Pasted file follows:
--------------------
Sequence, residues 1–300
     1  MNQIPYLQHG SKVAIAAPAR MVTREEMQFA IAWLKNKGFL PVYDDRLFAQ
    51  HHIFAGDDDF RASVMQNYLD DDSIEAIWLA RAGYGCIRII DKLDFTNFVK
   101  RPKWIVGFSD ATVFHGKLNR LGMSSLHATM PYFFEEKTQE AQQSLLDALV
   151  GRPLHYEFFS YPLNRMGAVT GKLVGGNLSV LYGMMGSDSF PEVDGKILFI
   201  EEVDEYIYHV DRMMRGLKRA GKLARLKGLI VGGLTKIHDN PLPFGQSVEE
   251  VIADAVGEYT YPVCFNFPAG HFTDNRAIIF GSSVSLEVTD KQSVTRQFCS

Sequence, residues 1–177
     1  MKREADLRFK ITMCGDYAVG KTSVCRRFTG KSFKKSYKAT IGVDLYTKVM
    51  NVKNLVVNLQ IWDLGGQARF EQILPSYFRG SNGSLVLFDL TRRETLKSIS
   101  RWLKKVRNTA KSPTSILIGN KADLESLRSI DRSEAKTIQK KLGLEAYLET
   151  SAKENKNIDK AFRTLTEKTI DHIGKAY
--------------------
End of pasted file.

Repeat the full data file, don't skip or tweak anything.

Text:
Sequence, residues 1–300
     1  MNQIPYLQHG SKVAIAAPAR MVTREEMQFA IAWLKNKGFL PVYDDRLFAQ
    51  HHIFAGDDDF RASVMQNYLD DDSIEAIWLA RAGYGCIRII DKLDFTNFVK
   101  RPKWIVGFSD ATVFHGKLNR LGMSSLHATM PYFFEEKTQE AQQSLLDALV
   151  GRPLHYEFFS YPLNRMGAVT GKLVGGNLSV LYGMMGSDSF PEVDGKILFI
   201  EEVDEYIYHV DRMMRGLKRA GKLARLKGLI VGGLTKIHDN PLPFGQSVEE
   251  VIADAVGEYT YPVCFNFPAG HFTDNRAIIF GSSVSLEVTD KQSVTRQFCS

Sequence, residues 1–177
     1  MKREADLRFK ITMCGDYAVG KTSVCRRFTG KSFKKSYKAT IGVDLYTKVM
    51  NVKNLVVNLQ IWDLGGQARF EQILPSYFRG SNGSLVLFDL TRRETLKSIS
   101  RWLKKVRNTA KSPTSILIGN KADLESLRSI DRSEAKTIQK KLGLEAYLET
   151  SAKENKNIDK AFRTLTEKTI DHIGKAY